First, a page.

When you hear the phrase "market price mechanism" your mind instantly conjures up sad, nerdy academian economists with too much time on their hands and a desire to sound intelligent. So they come with some hoity toity sounding phrase and then banter it about much like rubric, paradigm and dynamic, mocking those who've never heard of the phrase, even though the phrase was created all of 10 seconds ago. However the "Market Price Mechanism" is not one of those phrases and is actually a VITAL part of any economy.
Specifically what it is, is the information a market conveys about the value of certain goods via prices. Say, for example housing. If you were like many Americans during the bubble, you were completely ignorant about all the underdealings and going-ons that led up to the bursting of it. Technically you needn't have been informed about these things because the market, inevitably, told you housing was too pricey when housing prices started to tank. The market was telling you "Hey, there's too much housing" or "hey, housing is not worth as much as you think it should be."
While this is one example, the information the market pricing mechanism conveys is even more important than that. Prices provide information about EVERYTHING in the economy. Is milk over priced? What's going on with gas prices? OBama got elected - well maybe silver is more valuable than it was before. Is that Furby really worth $400?
More commonly you see this play out in real time at lightning fast speed anytime you watch a stock market trade up or down. As information is released about corporate earnings, economic data, even things like weather ("Trading Places" anyone?), the vast amount of information is digested by the market and translated into second to second changes in prices. In other words the market pricing mechanism constantly reassesses the value of every item in the economy by taking in all the information that is relevant to the value of those items and conveniently translates that into a numerical dollar price for your brain to understand. You can then decide whether it is worth the price to pay for such an item or not.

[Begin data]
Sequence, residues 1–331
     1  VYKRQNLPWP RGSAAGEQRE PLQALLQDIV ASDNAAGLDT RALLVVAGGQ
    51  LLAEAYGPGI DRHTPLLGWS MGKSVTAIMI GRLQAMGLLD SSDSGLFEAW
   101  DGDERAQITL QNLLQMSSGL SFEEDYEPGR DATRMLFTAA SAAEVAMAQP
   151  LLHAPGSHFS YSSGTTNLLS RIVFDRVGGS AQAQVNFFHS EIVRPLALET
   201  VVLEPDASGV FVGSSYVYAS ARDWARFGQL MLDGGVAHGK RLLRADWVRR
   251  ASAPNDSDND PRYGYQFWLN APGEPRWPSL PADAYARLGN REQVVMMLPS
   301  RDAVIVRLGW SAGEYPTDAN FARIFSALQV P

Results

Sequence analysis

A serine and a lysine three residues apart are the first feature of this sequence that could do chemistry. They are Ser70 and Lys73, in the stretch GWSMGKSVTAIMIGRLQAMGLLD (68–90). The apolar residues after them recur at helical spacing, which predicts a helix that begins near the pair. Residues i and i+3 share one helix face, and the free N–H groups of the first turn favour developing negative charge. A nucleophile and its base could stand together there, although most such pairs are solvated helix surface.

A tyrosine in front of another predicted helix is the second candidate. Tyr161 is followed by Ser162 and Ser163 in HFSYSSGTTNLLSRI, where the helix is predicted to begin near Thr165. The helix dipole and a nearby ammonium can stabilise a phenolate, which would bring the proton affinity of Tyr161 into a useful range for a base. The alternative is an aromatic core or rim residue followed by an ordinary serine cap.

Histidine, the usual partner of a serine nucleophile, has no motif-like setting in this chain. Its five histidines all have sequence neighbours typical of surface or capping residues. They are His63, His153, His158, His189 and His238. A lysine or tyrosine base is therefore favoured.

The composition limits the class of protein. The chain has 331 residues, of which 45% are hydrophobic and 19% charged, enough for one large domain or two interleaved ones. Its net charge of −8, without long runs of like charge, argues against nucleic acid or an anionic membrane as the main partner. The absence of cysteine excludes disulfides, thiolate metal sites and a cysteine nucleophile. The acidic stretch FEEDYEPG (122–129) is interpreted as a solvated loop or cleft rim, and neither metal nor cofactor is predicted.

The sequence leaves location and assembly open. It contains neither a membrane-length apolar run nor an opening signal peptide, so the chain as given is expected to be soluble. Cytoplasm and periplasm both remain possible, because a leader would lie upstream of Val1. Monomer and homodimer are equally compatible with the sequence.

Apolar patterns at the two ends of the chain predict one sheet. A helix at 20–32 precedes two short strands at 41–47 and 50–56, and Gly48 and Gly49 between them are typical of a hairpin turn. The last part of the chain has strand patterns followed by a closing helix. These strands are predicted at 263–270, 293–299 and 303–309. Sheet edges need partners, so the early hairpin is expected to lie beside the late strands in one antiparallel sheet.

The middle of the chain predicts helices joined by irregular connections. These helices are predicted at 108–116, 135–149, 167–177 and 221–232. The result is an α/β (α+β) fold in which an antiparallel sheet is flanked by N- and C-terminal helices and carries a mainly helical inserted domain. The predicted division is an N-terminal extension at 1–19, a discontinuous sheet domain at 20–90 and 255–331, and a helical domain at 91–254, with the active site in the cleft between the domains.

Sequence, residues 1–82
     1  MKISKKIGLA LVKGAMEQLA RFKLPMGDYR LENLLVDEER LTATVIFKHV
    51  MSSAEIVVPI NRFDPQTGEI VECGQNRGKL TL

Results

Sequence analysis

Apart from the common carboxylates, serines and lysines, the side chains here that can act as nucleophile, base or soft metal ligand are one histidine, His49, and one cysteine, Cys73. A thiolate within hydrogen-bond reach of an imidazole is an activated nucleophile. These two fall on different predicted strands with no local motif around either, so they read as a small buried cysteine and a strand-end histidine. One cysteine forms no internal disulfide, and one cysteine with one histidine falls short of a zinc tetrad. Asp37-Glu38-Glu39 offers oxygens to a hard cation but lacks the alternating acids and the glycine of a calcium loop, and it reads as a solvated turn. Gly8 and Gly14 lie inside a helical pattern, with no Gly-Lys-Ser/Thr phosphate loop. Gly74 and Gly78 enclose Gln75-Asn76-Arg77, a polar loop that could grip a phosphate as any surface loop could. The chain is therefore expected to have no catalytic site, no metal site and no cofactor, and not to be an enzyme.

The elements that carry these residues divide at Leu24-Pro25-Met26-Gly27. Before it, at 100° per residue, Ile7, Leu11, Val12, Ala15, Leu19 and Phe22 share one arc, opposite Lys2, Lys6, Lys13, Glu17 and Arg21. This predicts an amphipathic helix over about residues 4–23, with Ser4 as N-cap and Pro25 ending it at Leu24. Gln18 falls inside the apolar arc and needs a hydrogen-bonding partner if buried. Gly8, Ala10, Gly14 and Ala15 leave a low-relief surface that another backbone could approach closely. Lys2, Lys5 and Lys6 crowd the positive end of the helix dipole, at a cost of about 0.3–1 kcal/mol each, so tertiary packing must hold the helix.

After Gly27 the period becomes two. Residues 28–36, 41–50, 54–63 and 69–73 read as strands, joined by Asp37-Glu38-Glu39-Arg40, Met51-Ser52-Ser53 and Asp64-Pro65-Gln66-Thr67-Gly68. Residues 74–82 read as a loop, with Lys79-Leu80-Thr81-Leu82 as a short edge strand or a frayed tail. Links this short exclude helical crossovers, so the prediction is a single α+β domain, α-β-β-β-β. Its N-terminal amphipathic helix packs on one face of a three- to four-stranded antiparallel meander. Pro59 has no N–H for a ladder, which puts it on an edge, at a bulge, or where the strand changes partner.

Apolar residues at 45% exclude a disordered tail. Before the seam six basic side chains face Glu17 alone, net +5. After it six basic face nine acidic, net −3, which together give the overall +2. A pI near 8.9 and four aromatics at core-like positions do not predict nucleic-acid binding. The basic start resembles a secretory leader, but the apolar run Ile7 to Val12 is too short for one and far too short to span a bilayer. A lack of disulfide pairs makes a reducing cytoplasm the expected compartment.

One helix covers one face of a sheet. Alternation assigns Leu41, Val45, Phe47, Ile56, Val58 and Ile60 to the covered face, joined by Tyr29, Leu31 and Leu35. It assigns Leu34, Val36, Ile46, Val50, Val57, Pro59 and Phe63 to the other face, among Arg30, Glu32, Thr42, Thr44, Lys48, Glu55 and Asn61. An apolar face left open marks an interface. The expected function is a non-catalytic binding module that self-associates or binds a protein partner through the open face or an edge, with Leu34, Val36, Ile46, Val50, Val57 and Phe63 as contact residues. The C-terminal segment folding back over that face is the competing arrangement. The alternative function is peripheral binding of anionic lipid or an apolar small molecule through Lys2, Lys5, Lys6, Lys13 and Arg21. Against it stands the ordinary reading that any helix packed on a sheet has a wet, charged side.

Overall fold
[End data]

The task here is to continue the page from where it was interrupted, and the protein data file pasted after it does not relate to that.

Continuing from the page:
Market pricing mechanisms, however, do not just apply to financial markets or commodity markets. You could contest that any time any information is conveyed to a human, that human's perception of whatever that information is about changes. So for example say I'm going tornado chasing and time after time again I see tornadoes have a tendency to show up in the afternoon as opposed to morning. I incorporate this information and then sleep in till 10AM instead of going out chasing in the morning. The problem is sometimes the information you get is wrong. And if you act on wrong information it can cost you.
Say a jealous tornado chaser doesn't like some noob in his neck of Kansas. He purposely lies to me and says, "Yeah, all the tornado chasing happens at night. It's great!" Then I will see no tornadoes.
Or David Lareah tells me during 2005 that housing is a great deal. I buy and lose my shirt on a McMansion. Such information can be considered "wrong" but it can also be "noise" in that it drowns out the real data resulting in bad pricing.
Now fast forward to today when (once again, I have no idea why) the memory of a girl giving me gift certificates to Sebastian Joe's (an ice cream parlor in town I like) popped into my head. It was long ago, she was a dance student of mine and she learned I liked Sebastian Joe's ice cream. At the end of class she brought me a gift certificate. In hindsight I see that the girl really liked me and probably wanted me to ask her out. But I never went out with the girl. That seemed odd to me today because she was cute and I would have gone out with her. Why didn't I pick up on that Sebastian Joe's ice cream certificate? Why didn't I act upon that obvious piece of information the market pricing mechanism was sending me?